FISA defines an “agent of a foreign power,” in relevant part, as follows: any person who “knowingly engages in clandestine intelligence gathering activities for or on behalf of a foreign power, which activities involve or may involve a violation of the criminal statutes of the United States”; or who “pursuant to the direction of an intelligence service or network of a foreign power, knowingly engages in any other clandestine intelligence activities for or on behalf of such foreign power, which activities involve or are about to involve a violation of the criminal statutes of the United States.”

The DNC hack provides considerable evidence that Trump is the beneficiary of the clandestine activity of “a foreign power.” And there is plenty of evidence that Trump has spoken in a fashion that would reasonably please the foreign actor in question. But there is no evidence at all that Trump has engaged in or abetted clandestine espionage activity himself, much less that he has done so in probable violation of any U.S. law.

So if the Manchurian Candidate question is one of whether Trump is a Putin agent within the meaning of FISA, the public record certainly does not support that.  

 

Question #2: Is Trump an Agent of a Foreign Principal Under FARA?

Answer: Not on the current record.

Under the Foreign Agent Registration Act (FARA), every non-exempt agent of a foreign principal is required to register with the Department of Justice.

Donald Trump is clearly a “person” within the meaning of the Act (less obviously in other senses of the word). His corporations, partnerships and organizations also qualify, though we’ll treat him as an individual for now. A foreign principal includes “a government of a foreign country and a foreign political party” or any non-US citizen outside the United States (subject to exceptions). Here, the Russian government, Vladimir Putin, and most of the various associated actors clearly qualify.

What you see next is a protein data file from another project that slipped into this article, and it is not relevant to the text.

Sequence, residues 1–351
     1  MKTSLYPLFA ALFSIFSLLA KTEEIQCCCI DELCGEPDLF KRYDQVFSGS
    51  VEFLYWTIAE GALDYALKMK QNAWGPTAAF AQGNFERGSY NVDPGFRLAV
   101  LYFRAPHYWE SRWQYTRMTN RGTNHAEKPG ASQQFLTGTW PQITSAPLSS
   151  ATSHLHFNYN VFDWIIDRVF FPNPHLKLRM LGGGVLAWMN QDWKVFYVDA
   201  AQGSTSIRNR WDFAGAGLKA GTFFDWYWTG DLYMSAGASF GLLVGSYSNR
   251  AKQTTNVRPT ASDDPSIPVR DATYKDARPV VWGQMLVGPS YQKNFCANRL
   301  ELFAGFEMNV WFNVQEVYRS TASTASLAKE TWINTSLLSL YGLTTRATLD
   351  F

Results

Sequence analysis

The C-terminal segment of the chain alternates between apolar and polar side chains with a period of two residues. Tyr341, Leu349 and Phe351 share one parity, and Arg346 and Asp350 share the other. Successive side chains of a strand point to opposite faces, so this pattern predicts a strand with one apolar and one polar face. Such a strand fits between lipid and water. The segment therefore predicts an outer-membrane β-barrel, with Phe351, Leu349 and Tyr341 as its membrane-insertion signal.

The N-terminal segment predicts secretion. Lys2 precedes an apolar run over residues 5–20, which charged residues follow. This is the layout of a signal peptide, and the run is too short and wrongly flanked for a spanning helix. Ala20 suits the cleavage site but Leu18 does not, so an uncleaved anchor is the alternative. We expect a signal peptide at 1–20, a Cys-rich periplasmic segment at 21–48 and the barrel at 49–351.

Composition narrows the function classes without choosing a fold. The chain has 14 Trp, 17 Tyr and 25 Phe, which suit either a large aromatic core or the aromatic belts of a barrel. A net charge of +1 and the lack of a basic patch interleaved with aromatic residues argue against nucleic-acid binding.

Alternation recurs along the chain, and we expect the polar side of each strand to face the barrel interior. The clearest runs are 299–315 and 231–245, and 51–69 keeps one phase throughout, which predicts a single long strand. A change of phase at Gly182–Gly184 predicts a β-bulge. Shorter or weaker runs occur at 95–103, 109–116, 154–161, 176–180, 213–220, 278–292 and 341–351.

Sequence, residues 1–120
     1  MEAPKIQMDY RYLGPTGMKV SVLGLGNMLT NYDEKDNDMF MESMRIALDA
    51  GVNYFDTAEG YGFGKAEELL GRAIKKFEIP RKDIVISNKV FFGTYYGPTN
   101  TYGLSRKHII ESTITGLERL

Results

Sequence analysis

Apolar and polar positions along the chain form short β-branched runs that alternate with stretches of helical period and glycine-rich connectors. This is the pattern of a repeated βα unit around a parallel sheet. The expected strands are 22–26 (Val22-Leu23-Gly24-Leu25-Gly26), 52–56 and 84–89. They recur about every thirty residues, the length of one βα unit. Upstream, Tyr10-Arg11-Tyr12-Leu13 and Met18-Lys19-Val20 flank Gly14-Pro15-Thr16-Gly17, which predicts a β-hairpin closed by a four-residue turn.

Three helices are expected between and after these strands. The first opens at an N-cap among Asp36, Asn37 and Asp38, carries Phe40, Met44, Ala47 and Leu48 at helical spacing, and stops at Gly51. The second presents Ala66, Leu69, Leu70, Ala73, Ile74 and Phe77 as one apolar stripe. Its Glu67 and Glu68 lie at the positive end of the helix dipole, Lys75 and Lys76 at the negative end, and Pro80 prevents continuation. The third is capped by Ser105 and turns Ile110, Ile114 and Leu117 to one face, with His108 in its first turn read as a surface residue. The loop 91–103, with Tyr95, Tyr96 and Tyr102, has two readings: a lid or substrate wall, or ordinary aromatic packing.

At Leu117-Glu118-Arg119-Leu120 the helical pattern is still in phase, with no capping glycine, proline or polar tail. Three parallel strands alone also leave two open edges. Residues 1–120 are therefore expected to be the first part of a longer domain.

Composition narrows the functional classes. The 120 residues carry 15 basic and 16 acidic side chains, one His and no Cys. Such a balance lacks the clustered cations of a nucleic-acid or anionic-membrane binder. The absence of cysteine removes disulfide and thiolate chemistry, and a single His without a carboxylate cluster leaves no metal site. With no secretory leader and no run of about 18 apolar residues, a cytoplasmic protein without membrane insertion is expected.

The important legal question under FARA is whether Trump (a person) qualifies as an “agent” of Russia (a foreign principal). An agent of a foreign principal is any person who acts “at the order, request, or under the direction or control of” that principal, anyone “whose activities are directly or indirectly supervised, directed, controlled, financed, or subsidized” by that principal and who then “engages within the United States in political activities for or in the interest of such foreign principal.” Separately, an agent of a foreign principal under FARA is “any person who agrees, consents, assumes, or purports to act as, or who is or holds himself out to be … an agent of a foreign principal” as otherwise defined.

Based on the facts in evidence, Donald Trump does not qualify as a foreign agent within the Act. Previously, FARA was primarily focused on countering propaganda and did not require a direct nexus or connection. But the law has been amended to more narrowly define the requirements for an agent relationship. While Trump has ties to Russia and has expressed surprising affinity and admiration for its strongman leader, there is no evidence that he is actually working under the direction or control of Russia or Putin and he expressly disavows that characterization. On the present record, at least, to borrow language from the ISIS discussion, Trump seems to be more inspired by Putin than directed by him. (Note: it is more plausible that particular Trump campaign advisors—who are engaging in “political activity” by virtue of their participation in his campaign—would be required to register under the Act.)

If Trump were to be deemed an agent of a foreign power, that would be a rather serious matter. While the United States has not successfully prosecuted any criminal violations of FARA in a half-century, it does routinely seek civil enforcement against covered individuals who fail to register. Moreover, if Trump were a foreign agent within the Act and actually won the Presidency, he would be in violation of 18 USC 219, which prohibits any “public official” from being an agent of a foreign principal. Public officials include Members of Congress and “an officer or employee or person acting for on on behalf of the United States, or any department, agency or branch of Government thereof… in any official function.” Being President of the United States would appear to qualify.   

 

Question: Is Russia Actively Supporting Trump’s Candidacy?

Answer: Damn Straight!